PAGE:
In the afternoon, I'm going for a ride around the bay in a sea kayak. I discover a small lagoon by the shore where several small sea lions are playing. It's a sort of seal nursery, where the pups practice swimming, chasing one another, occasionally biting each other lightly and clearly enjoying the aquatic environment. I paddle slowly among them in the shallow water and then return to the catamaran, because it's dinner time!
Although the Pacific water is cooler in October, we still spend a lot of time in and under the water. We can make use of the wetsuits and snorkelling equipment available to us. Life underwater in the Galapagos Islands is no less breathtaking than life on land – whether it's lava crevices with basking sharks or shorelines with hunting penguins. I watch iguanas "grazing", stingrays, schools of fish and colourful coral gardens.
But most of all, I enjoy swimming with the curious sea lions that swim past us in close proximity while snorkeling, tempting us to play underwater. When two young playful sea lions graced our group with their presence, the snorkeling stretched out to the point that we completely forgot about the time, leaving us without lunch!
Every Galapagos cruise is different, every ship has a different itinerary and a different plan of places to visit. I chose the route around the western islands, which attracted me because of their size and unique environment of active volcanic activity. Throughout the cruise I see few other boats and on land we are mostly alone in our small group. In the second half of the week we head to the furthest reaches of the Galapagos, which is the west coast of Isabela and Fernandina Island.
One of the highlights of this area is swimming in the "cleaning station of the turtles" that come to Isabela Island to have their shells cleaned of small fish and shrimp. Dozens of turtles hover in the shallow bay, paying no attention to me as I swim past them in close proximity.
On another island, I observe hundreds of marine iguanas basking in the sun, adjusting their black bodies to the sunlight, chilled after a long stay in the water. These Galapagos endemic species, up to a metre long, look truly prehistoric and imposing.
On the penultimate day we head to the crater of the Sierra Negra volcano, which is believed to be the second largest crater in the world. The 10km diameter crater is 1100m high and we drive a truck, called a "chiva", almost to its rim. From the car park, we climb for about an hour before we reach the crater's rim and can admire the breathtaking view of the lava fields far below.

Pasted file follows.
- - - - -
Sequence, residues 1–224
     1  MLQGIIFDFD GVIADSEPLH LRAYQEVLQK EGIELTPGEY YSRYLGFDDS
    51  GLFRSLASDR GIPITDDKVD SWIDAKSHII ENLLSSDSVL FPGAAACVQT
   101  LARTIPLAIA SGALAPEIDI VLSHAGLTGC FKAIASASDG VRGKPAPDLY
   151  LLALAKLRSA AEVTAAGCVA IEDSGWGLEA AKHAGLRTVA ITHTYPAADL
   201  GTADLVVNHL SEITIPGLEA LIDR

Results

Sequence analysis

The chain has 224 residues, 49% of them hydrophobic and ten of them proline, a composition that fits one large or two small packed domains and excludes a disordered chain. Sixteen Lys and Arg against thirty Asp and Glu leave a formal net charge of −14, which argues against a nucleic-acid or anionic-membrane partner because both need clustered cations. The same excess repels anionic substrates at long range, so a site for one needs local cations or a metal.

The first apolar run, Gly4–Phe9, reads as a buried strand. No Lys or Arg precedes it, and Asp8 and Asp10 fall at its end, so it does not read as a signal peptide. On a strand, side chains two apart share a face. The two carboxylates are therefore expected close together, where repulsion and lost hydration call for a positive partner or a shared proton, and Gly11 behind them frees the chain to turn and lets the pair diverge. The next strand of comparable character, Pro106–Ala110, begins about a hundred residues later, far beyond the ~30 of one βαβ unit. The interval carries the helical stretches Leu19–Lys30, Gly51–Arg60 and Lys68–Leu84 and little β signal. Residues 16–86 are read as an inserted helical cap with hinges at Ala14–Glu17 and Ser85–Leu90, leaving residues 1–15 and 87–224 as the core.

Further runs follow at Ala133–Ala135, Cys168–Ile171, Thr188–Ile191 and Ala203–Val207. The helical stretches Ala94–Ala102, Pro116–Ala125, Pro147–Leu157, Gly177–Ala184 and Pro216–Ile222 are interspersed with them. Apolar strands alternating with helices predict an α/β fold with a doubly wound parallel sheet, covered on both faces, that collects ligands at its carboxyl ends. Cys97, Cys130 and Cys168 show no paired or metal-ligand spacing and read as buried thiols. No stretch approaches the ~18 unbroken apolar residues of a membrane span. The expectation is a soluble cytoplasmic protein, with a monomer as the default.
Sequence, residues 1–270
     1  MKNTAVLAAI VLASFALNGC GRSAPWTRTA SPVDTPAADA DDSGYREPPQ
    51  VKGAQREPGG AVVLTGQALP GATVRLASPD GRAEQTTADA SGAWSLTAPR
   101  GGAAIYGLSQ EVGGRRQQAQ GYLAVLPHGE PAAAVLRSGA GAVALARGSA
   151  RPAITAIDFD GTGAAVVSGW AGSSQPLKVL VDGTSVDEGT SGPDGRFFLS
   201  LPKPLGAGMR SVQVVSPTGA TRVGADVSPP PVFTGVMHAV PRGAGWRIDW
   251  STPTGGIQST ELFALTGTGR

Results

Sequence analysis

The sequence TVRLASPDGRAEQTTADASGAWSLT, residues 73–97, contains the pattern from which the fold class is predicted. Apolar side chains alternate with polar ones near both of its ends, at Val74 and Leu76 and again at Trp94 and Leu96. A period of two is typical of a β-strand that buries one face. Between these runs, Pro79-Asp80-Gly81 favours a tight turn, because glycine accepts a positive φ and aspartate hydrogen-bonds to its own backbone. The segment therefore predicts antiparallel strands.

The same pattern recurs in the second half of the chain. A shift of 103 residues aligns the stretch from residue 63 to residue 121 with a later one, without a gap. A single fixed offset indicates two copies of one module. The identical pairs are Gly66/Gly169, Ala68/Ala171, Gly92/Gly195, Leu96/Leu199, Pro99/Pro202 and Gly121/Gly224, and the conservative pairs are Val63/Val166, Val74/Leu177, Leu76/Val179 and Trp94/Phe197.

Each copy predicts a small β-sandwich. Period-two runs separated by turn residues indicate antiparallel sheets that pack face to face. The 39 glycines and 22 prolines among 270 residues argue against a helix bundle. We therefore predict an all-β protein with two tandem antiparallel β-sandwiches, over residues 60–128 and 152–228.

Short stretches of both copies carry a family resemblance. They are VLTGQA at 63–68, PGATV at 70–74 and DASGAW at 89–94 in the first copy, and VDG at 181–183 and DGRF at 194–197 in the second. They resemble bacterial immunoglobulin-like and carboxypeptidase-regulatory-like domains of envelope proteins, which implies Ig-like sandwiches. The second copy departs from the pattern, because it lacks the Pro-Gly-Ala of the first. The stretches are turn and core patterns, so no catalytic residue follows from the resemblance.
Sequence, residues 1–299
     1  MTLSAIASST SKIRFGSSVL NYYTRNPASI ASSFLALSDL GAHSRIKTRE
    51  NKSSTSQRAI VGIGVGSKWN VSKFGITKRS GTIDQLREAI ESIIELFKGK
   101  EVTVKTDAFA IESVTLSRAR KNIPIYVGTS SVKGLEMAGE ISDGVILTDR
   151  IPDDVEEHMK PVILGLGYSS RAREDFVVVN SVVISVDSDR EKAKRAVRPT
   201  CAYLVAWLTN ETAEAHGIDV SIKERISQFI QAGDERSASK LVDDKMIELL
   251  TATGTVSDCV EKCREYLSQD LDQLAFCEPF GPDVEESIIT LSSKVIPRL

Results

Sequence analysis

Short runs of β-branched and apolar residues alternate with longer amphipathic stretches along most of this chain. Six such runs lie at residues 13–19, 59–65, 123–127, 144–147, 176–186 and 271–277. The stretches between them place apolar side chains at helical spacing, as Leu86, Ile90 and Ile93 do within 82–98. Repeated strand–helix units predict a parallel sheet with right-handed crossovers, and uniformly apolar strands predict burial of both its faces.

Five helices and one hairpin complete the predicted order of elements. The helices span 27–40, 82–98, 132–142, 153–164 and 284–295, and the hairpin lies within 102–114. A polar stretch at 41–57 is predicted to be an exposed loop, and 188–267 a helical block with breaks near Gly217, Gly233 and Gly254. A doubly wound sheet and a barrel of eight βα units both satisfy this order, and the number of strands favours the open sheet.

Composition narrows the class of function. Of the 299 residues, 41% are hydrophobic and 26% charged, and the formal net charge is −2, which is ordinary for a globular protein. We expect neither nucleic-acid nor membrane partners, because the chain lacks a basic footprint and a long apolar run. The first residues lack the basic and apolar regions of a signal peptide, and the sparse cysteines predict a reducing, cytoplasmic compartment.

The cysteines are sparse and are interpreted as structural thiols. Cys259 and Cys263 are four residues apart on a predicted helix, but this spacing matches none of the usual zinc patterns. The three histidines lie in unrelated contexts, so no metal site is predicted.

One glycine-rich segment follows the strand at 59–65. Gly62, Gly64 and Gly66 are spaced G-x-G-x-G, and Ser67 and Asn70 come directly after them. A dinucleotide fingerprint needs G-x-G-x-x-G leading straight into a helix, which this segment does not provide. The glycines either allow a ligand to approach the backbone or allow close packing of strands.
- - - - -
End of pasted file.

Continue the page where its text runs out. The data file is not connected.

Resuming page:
You can visit the Galapagos Islands all year round and you won't go wrong. There are two seasons: June – December (the so-called dry season), when the weather is sunny and the sea water is cooler (22-25 °C). During this time, the regular southeast trade winds blow. In contrast, the warm season (December – May) is characterised by occasional showers and warmer seas suitable for snorkelling (25-28 °C). Although animal activity varies from species to species throughout the year, according to experts there is no "deaf" or explicitly bad period. If you want to see the endemic Galapagos albatross (which breeds only on the island of Española), you must come here between April and December.
The Galapagos Islands have been a national park and strict nature reserve since 1934 and a UNESCO World Heritage Site since 1978. Visitor movement around the islands is controlled; movement is only allowed in designated areas, groups are limited to 16 people and must be accompanied by a licensed guide. The number of visitors to the islands is regulated by the capacity of the boats and hotels; approximately 250,000 visitors visit the islands annually.
Staying in the Galapagos Islands is not cheap – in addition to airfare (just the flight from Quito costs about 12,000 USD), each visitor pays a fee of 100 USD for entering the national park and a processing fee of 20 USD. A stay on a yacht costs from about 170 USD a day and includes full board, a knowledgeable guide, all excursions, kayak and snorkelling equipment hire in addition to the cruise itself.
Comfortable boats with air-conditioned cabins usually have a capacity of 16 people and are led by an experienced crew including a cook, guide and biologist. Depending on your interest, you can choose different lengths of programme – most cruises are 4-14 days long, 8 days is optimal; several disembarkations are scheduled each day, and other activities: try snorkeling, diving and sea kayaking.